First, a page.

This article reviews this excellent book which deals with the success that Barca have enjoyed under Pep Guardiola's leadership

One of the most talked about sports books of the year, Barca: The Making of the Greatest Team in the World chronicles how FC Barcelona have emerged as one of the greatest club sides in the history of the game and potentially the best ever. Written by Graham Hunter a widely respected journalist and pundit, who Sky Sports viewers will be familiar with, Barca looks at how Josep Guardiola, Andres Iniesta, Lionel Messi, Gerard Pique and a host of other hugely gifted individuals have all come together to lead Barcelona into the most successful period of the clubs illustrious history.

Hunter's book is truly deserving of the praise it has received around the footballing community, the book's major focus is on the two key protagonists in Barcelona's rise to dominance; Pep Guardiola and Leo Messi. Hunter looks in detail at how Barcelona first became aware of a minute but talented Argentine making his name in Rosario, Argentina. Hunter chronicles every step that Messi has taken which has led him to the very pinnacle of the world game. From his arrival in Barcelona into an all conquering youth team containing Gerard Pique and Francesc Fabregas both of whom thought the diminutive Argentine was a mute, so shy was Messi when he first arrived, right up to his match winning strike in the Champions League final last May.


The real charm of the book is some of the unique anecdotes that Hunter has unearthed through countless discussion on and off the record with people connected to the club, such as the fact that the first contractual agreement between Leo Messi and FC Barcelona was drawn up on a napkin that happened to be lying around, and had that contract not been scribbled down, we could well be talking about Messi as a Real Madrid galactico. Another quirky tale is how close both Messi and an emerging talent named Andres Iniesta came to spending a season on loan at Rangers under Alex McLeish.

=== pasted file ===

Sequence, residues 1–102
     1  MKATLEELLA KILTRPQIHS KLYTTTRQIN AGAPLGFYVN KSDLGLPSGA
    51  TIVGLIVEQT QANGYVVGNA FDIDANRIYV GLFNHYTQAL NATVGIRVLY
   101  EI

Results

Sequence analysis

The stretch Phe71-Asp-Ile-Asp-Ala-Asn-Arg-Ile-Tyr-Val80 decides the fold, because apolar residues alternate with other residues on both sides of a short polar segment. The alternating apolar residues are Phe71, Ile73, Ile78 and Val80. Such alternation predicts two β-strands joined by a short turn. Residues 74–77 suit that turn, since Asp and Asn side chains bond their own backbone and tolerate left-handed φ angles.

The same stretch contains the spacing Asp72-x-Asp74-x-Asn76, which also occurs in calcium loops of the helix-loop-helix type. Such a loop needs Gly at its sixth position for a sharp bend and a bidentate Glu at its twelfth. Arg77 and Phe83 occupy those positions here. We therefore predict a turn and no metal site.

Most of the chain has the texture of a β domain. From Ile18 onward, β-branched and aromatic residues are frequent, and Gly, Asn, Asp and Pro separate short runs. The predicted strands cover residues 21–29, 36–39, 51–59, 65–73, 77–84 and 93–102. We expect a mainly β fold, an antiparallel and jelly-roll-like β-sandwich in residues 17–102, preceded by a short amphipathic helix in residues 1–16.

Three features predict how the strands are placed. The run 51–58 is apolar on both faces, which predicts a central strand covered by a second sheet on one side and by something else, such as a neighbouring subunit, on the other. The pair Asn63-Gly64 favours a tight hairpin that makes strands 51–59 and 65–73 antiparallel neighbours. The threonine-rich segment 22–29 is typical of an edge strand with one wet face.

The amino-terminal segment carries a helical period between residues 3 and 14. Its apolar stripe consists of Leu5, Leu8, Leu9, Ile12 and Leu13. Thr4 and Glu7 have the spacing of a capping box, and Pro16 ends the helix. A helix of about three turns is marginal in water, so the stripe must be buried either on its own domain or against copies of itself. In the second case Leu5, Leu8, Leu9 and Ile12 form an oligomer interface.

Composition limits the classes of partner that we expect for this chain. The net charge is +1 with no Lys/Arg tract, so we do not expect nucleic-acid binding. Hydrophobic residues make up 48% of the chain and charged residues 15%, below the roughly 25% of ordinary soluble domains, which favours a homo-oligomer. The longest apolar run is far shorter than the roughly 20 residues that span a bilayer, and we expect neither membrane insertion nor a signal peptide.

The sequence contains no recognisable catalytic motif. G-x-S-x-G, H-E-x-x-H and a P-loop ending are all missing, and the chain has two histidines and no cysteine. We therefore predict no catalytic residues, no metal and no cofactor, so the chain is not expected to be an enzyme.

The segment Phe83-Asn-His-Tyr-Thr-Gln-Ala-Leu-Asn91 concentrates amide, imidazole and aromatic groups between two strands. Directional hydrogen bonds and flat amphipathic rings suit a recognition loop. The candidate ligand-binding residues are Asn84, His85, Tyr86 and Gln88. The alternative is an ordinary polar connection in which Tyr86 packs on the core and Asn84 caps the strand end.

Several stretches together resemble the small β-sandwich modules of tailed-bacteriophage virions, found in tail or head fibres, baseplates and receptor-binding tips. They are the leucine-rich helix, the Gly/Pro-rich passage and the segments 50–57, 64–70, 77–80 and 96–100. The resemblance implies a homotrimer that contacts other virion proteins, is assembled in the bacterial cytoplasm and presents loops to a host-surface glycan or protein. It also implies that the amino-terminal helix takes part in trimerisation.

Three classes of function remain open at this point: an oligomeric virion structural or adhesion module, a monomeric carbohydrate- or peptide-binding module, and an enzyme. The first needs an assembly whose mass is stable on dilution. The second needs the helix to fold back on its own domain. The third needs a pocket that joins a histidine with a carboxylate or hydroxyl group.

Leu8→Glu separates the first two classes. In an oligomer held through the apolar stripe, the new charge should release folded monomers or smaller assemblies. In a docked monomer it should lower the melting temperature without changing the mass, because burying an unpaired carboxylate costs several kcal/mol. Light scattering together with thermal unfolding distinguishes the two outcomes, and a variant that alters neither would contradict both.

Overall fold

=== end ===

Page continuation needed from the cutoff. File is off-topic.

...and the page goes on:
Perhaps the most fascinating aspect of the "Messi story" is how the club identified the dangerous path that was being laid out in front of the young star by Ronaldinho and Deco, who after leading the club to a Champions League and successive Liga titles, were rapidly spiraling out of control and risked taking an infatuated Messi with them. Ronaldinho had fallen rapidly from grace and the endless partying that was the catalyst for his decline was causing him to lack focus and intensity on the pitch as well as gaining weight at an alarming rate. The club were concerned that Messi, who adored both Ronaldinho and Deco, would follow his idols down the same path and that a once in a generation talent would be lost. Once this conclusion was reached the judgement was swift and ruthless. Ronaldinho and Deco, two men who had been at the heart of the clubs accomplishments were ejected from Catalonia without hesitation, Messi was given Ronaldinho's iconic number 10 shirt and the club never looked back.

This was not the only issue with Messi though, a series of serious injuries, specifically muscle tears continued to curtail his progress and every time the Argentine began to build up a head of steam for the climax of the season another injury would strike him down.

Again the action of the directors; Txiki Begiristain, director of football and two vice presidents Marc Ingla and Ferran Soriano was decisive. Messi's traditionally Argentine diet of red meat and carbohydrates was out and instead fish and vegetables were the in. A physio, Juanjo Brau who remains with Messi to this day, was appointed with the task of accompanying Messi everywhere he went whether it was for Barcelona or Argentina and the emphasis changed from injury recovery to injury prevention. The fitness record of the Argentine since then is remarkable; Messi has played over 50 games for Barcelona in every season since Guardiola took charge and the idea of resting or even substituting the Argentine goes down so badly with him that for the most part Guardiola simply doesn't bother.

Leading on from the prior discussion over the fall of Ronaldinho and Deco, an interesting aspect of Hunter's work is that he recounts how Samuel Eto'o who was regarded as expendable, along with Ronaldinho and Deco, fought to prove Guardiola wrong and proved himself worthy of a place in the team, scoring 36 goals in the season including the opening goal in the 2009 Champions League final. Despite this though, Guardiola, who had told Eto'o that one strike would be his cue to leave the club, saw a lack of intensity in his stretching before a match and that from then on, Pep had decided the Cameroonian had to go.